People are forgetting these bomber crews will be exposed to high amounts of radiation by flying through the fallout. Unless, they weave around the clouds and waste precious fuel.There is also no guarantee that they will complete their missions when they are suffering acute radiation sickness.
As long as the bomber crew is far enough away at detonation time that they escape the blast effects of the bomb they dropped, they will outrun the fallout as well.
Bomber crews will be entering fallout from Russian cities and bases from our strikes.Returning home they will encountering fallout from American cities.
I would like to suggest to the surviving bomber crews and SSBNs to find a place in the southern hemisphere.
While Heinlein used it, Pournelle originated it. See my #61.
They were personal friends. Jerry very much looked up to Robert, and obviously Robert didn’t mind using some of Jerry’s genius.
Boy, that Marine pilot was spot on with that assessment of the Phantom, wasn’t he? Of course, those big honking, smoking J-79 engines were the epitome of power! From what I know of them (and being a former jet mechanic, I do know a little bit about them) they were apparently some damned rugged engines which could still function with compressor blades or turbine blades missing and that is saying something!
When I lived in the Philippines when I was a kid, I used to go over to the officers beach that was near Cubi Point. Things were different back then, and as a kid I would go up and walk around all the airplanes that were tied down, and nobody would stop me. I remember seeing the Phantoms, the Crusaders, the Corsairs, even saw a few Sky Warriors and Spads.
As a kid, it was glorious. I used to build these models all the time, and to see them up close in real life, peering into the intakes and the exhausts was too good to be true for me. Oddly enough, they had a high-power test area further down the beach. They would tie down the planes with their exhaust pointing out towards the water and run them at full throttle! We used to go down there and try and throw things into the exhaust, or run through the area even though there were signs up saying not to do it. (It wasn’t all that dangerous because the airplanes were tied down at the top of a large rocky embankment, so wasn’t as if the exhaust would blow directly at you. It was pretty much going over your head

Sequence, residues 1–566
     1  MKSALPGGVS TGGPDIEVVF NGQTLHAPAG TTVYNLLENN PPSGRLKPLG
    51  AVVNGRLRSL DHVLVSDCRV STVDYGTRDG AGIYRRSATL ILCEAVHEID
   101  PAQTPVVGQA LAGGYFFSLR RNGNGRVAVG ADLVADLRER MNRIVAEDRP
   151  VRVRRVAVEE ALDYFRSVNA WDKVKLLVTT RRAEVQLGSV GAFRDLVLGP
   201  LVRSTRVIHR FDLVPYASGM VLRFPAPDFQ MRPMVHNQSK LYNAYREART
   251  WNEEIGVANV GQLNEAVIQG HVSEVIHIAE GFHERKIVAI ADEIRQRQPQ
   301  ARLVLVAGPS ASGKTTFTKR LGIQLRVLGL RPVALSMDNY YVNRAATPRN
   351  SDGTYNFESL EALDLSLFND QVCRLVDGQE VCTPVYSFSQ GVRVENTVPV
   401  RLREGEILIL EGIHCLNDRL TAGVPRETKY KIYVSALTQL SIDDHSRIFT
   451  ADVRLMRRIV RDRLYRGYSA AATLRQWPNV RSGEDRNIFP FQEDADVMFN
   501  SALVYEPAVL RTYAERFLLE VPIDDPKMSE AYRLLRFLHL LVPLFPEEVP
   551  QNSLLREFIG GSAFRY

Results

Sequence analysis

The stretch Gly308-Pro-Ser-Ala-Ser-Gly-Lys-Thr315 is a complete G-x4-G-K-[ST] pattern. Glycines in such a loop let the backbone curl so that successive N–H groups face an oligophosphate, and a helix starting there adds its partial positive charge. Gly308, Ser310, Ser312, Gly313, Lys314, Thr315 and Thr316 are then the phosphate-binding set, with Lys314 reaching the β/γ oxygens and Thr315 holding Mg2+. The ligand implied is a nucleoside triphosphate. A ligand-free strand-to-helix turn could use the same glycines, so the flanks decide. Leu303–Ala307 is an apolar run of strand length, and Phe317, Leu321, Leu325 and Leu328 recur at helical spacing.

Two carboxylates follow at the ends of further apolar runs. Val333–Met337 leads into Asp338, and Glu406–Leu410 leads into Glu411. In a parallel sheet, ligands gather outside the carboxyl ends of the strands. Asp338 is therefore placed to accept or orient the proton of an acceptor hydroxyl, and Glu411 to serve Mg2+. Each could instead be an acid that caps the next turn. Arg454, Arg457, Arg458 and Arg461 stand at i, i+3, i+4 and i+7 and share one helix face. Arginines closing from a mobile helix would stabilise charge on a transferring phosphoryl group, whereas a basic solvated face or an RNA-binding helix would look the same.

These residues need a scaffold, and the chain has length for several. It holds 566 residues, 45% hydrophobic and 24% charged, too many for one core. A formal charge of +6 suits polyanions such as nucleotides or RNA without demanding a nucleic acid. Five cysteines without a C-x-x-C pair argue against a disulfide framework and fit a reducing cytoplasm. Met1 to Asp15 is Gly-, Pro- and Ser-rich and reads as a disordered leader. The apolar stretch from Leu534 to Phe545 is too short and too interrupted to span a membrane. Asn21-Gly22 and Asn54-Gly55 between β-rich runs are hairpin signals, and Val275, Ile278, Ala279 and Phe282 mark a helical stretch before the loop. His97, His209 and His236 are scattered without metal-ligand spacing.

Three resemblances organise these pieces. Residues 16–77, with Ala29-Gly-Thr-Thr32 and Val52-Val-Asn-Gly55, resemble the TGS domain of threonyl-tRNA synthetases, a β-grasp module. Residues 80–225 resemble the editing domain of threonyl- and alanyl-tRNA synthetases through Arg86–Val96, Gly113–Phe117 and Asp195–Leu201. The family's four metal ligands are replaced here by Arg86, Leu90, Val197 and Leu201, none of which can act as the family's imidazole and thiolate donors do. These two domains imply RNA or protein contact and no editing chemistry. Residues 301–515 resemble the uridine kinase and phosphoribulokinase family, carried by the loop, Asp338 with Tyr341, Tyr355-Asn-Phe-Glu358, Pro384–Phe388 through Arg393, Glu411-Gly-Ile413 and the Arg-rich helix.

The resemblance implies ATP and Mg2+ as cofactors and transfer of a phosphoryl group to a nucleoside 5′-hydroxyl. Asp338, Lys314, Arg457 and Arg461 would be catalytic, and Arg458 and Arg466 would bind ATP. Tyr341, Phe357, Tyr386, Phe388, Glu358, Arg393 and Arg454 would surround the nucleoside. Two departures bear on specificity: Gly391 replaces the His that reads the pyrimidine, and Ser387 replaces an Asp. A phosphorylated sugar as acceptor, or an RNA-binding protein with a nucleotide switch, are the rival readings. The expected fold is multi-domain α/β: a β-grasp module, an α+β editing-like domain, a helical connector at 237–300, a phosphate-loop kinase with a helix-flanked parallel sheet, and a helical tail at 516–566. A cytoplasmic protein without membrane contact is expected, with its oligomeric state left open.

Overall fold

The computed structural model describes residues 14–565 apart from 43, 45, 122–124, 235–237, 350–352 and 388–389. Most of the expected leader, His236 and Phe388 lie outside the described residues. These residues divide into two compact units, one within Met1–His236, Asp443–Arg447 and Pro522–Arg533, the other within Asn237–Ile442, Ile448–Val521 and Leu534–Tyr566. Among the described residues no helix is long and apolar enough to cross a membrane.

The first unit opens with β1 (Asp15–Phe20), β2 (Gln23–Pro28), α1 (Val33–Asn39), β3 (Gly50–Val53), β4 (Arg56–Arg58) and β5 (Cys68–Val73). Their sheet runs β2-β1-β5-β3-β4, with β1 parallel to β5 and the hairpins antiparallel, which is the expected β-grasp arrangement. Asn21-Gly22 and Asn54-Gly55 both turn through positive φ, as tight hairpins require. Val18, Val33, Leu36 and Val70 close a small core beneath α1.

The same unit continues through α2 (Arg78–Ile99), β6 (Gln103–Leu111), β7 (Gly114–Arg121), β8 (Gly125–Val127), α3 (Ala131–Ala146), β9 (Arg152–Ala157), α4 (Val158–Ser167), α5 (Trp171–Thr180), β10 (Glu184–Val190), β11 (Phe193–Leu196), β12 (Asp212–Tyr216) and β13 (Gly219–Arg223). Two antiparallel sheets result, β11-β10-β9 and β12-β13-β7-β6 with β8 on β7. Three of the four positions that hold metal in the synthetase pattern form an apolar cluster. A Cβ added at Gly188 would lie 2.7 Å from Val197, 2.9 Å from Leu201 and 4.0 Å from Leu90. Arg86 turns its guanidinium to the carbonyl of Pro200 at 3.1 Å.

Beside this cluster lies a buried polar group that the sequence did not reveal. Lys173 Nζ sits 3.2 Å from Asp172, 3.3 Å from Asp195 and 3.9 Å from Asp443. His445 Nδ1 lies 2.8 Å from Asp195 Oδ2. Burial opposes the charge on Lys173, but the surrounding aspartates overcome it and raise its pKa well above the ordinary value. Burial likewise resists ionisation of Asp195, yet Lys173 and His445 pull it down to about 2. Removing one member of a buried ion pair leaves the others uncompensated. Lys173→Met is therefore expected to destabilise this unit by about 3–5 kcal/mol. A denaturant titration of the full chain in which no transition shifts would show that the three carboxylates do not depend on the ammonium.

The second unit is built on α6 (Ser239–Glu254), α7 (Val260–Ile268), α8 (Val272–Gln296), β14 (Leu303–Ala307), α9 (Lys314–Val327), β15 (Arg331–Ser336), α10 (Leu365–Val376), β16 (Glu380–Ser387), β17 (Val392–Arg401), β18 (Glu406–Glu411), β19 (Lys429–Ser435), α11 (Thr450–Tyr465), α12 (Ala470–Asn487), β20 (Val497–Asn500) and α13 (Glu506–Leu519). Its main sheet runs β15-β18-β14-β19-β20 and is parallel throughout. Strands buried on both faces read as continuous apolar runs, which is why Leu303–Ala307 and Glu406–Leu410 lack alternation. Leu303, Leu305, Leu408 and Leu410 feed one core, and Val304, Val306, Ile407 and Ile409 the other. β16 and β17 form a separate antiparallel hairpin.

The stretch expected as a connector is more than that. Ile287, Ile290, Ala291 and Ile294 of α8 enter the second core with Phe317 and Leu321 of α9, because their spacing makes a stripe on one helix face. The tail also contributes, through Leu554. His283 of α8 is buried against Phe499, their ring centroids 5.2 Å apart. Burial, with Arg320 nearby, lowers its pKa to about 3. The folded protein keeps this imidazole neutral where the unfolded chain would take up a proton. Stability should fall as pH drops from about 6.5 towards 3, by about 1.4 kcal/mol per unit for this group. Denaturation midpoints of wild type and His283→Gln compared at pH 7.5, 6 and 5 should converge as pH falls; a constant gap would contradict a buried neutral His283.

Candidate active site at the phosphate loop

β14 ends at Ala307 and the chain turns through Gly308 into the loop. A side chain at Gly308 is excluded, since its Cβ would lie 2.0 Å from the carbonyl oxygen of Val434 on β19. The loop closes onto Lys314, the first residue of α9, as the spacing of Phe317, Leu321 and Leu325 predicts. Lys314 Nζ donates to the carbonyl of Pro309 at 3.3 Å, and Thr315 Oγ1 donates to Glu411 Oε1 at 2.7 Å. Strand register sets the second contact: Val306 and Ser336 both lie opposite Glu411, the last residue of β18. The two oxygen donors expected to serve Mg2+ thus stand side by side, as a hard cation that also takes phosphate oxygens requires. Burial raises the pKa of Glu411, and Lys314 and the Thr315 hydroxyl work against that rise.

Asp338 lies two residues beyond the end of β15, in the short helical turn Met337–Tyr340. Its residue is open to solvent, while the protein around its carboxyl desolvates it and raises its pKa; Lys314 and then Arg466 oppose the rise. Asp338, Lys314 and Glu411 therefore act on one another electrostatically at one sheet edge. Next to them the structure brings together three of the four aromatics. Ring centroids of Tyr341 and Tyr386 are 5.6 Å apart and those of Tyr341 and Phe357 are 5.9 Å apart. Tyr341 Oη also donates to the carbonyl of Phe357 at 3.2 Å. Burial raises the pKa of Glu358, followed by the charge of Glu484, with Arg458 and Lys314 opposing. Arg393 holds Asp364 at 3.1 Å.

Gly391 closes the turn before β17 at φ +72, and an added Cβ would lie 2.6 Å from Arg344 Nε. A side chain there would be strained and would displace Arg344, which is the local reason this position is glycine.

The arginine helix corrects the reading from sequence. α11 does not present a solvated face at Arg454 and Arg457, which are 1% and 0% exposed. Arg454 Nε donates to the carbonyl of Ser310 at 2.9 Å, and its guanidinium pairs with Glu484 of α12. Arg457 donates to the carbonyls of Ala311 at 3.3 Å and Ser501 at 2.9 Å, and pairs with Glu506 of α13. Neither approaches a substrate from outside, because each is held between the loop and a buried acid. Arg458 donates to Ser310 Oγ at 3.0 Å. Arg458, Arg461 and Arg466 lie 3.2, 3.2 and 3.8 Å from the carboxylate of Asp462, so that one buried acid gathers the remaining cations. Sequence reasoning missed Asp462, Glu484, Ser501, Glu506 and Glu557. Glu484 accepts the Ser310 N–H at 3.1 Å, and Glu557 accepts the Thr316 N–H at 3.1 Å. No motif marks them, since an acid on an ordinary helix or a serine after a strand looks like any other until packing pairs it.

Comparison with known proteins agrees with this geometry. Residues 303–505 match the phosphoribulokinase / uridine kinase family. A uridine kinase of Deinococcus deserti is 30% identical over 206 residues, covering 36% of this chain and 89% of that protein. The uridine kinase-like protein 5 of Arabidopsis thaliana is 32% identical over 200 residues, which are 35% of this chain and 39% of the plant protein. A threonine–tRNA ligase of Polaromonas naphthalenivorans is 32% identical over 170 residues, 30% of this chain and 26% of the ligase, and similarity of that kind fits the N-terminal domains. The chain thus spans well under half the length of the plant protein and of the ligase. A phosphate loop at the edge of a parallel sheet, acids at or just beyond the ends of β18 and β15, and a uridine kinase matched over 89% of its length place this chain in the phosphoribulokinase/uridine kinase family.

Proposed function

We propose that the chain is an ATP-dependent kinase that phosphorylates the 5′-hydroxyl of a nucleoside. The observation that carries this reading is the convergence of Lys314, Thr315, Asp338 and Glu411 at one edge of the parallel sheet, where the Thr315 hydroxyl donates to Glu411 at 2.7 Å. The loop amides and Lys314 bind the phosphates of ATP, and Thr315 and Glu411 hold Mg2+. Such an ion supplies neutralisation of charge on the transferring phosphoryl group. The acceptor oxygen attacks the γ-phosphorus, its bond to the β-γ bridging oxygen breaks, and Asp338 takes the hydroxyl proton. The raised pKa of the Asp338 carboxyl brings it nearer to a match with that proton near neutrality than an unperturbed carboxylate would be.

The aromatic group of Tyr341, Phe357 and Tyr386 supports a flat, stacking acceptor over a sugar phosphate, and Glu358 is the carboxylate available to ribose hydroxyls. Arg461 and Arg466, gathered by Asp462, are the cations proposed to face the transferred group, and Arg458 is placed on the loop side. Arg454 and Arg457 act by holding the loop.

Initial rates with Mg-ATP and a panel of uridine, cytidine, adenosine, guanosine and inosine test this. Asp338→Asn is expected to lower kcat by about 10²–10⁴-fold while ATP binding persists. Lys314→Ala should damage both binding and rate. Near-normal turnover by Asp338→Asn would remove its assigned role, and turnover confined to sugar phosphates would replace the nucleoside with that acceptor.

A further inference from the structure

I did the same thing there that I pretty much did down at the docks where the ships were tied up, and would ask all the sailors leaving the ship if they would take me aboard and show me around. If I asked 50 sailors, one of them will eventually do it, so I got to go all kinds of ships.
Up where they had the planes tied down, I would walk up to the pilots during their preflight walk around, and follow them around asking them questions. Once in a while, one of them would let me sit in the cockpit, which was completely the coolest thing since sliced bread!
One time, there was a pilot doing a preflight walk around on a Crusader. Right before he climbed in the cockpit, he told me I had to leave, then said Watch what I do when I take off while he grinned and climbed up into the plane.
I watched as he taxied out and took off. No sooner than his wheels left the ground, he retracted them, pulled back on the stick and went up into the sky at about a 70° angle. As he gained altitude, the aircraft began to roll continually, and went up and up, rolling wildly until he disappeared into the high clouds. It blew me away, I thought Hey he did that for me!
What was funny is I was up there a few days later and described to another pilot what he had done, and asked if he could do the same thing. I remember he looked at me shaking his head and said No, he got into a bit of trouble for that .